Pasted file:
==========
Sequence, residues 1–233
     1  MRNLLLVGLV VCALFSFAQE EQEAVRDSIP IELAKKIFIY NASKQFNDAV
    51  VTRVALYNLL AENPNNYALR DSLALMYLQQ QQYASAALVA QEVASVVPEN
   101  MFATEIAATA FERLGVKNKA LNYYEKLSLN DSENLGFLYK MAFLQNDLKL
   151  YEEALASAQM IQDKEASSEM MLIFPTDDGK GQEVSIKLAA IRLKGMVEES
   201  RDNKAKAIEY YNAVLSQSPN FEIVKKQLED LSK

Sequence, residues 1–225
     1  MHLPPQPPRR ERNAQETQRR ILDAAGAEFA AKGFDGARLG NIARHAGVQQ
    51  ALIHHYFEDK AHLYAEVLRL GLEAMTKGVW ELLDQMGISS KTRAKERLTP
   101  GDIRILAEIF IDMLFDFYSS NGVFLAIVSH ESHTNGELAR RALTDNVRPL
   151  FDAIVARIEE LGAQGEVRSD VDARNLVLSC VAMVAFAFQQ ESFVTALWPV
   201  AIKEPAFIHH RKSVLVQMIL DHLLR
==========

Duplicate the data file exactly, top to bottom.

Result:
Sequence, residues 1–233
     1  MRNLLLVGLV VCALFSFAQE EQEAVRDSIP IELAKKIFIY NASKQFNDAV
    51  VTRVALYNLL AENPNNYALR DSLALMYLQQ QQYASAALVA QEVASVVPEN
   101  MFATEIAATA FERLGVKNKA LNYYEKLSLN DSENLGFLYK MAFLQNDLKL
   151  YEEALASAQM IQDKEASSEM MLIFPTDDGK GQEVSIKLAA IRLKGMVEES
   201  RDNKAKAIEY YNAVLSQSPN FEIVKKQLED LSK

Sequence, residues 1–225
     1  MHLPPQPPRR ERNAQETQRR ILDAAGAEFA AKGFDGARLG NIARHAGVQQ
    51  ALIHHYFEDK AHLYAEVLRL GLEAMTKGVW ELLDQMGISS KTRAKERLTP
   101  GDIRILAEIF IDMLFDFYSS NGVFLAIVSH ESHTNGELAR RALTDNVRPL
   151  FDAIVARIEE LGAQGEVRSD VDARNLVLSC VAMVAFAFQQ ESFVTALWPV
   201  AIKEPAFIHH RKSVLVQMIL DHLLR